Kitchener-Waterloo

NDP, Conservative push to abolish Senate 'blatantly unconstitutional'

Emmett Macfarlane, a University of Waterloo professor who studies the Canadian Charter of Rights and Freedoms, calls NDP leader Tom Mulcair's plan to abolish the Senate "unique because it's actually unconstitutional in three different ways."

Whoever wins the October election would need the consent of all 10 provinces to abolish the Senate

NDP leader Tom Mulcair recently told the CBC's Peter Mansbridge that he would abolish the Senate if he were to become prime minister. Professor Emmett Macfarlane says that pledge is "basically taking advantage of people's very understandable ignorance about how [abolishing the Senate] is all supposed to play out."

NDP Leader Tom Mulcair recently told Peter Mansbridge in an exclusive CBC interview that if his party comes out on top in the October election, he would abolish Canada's scandal-plagued Senate.

Now one political expert says that might be easier said than done. 

Emmett Macfarlane studies institutional change and its relationship with the meaning of the constitution at the University of Waterloo. Macfarlane says there are some red flags when it comes to Mulcair and Conservative leader Stephen Harper's plans for the red chamber, not the least of which is that it is unconstitutional in three different ways. 

Here is a Q & A based on Macfarlane's Thursday chat with host Craig Norris on CBC Kitchener-Waterloo's morning radio program The Morning Edition:

What concerns you about the NDP's plan to just stop appointing Senators?

It's a unique plan because it's unconstitutional in three different ways.- University of Waterloo prof  Emmett Macfarlane on NDP Leader Tom Mulcair's plan to abolish the Senate

It's a unique plan because it's unconstitutional in three different ways. The constitutional text actually says that the Governor General shall appoint Senators upon a vacancy and that's a requirement on the Governor General and in practice it means the Prime Minister must make that recommendation. It's also unconstitutional in the sense that it is a strong constitutional convention to fulfil that executive function to make that appointment. Senate vacancies in the past have gone on for some time, even over a year in some cases, but never have we had policy on non-appointment and that would be clearly contrary to convention. Finally, it's unconstitutional to try to suggest that you can let the Senate die on the vine. The Supreme Court said just last year that the federal Parliament, let alone a prime minister cannot unilaterally change the Senate's essential functioning and well before we hit issues of quorum the Senate is going to start having trouble filling committees and performing its role of sober second thought.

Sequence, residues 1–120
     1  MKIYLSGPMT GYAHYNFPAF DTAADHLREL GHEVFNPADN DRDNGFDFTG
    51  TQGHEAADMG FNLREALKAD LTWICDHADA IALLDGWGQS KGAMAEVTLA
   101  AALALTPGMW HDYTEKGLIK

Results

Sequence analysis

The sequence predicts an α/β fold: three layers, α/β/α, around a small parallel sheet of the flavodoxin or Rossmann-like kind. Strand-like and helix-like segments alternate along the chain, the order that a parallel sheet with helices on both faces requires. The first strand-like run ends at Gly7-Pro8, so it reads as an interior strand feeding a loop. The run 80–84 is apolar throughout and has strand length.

Emmett Macfarlane is an assistant professor of political science at the University of Waterloo who studies the relationship between government institutions and the meaning of the Canadian constitution. (University of Waterloo)

Can the Governor General just act unilaterally and appoint senators, or no? 

That gets tricky. If you read the Constitution Act of 1867 it looks like the governor general is the emperor of Canada. The prime minister is not even mentioned in the original document and so the prime minister's role is itself is often filled by tradition and understanding the British parliamentary tradition. If the governor general were to act unilaterally by himself, that itself would cause a constitutional crisis in that sense. 

Conservative Leader Stephen Harper is proposing a similar plan to abolish the senate. Why do so many parties lean on this technique? 

I think they're tapping into the obvious swell of popular dissent against the Senate in light of the expenses scandal and the Mike Duffy trial and so they've grown frustrated by the rather difficult amending process we have in Canada. So they're being strategic and they're kind of proposing amendments and changes by stealth. The problem is, this is both kind of intellectually dishonest, they're not going to be allowed to abolish the Senate by anything other than getting all 10 provinces onboard, and we're in an unprecedented situation where the sitting Prime Minister and the Leader of the Opposition are both proposing such a blatantly unconstitutional course of action.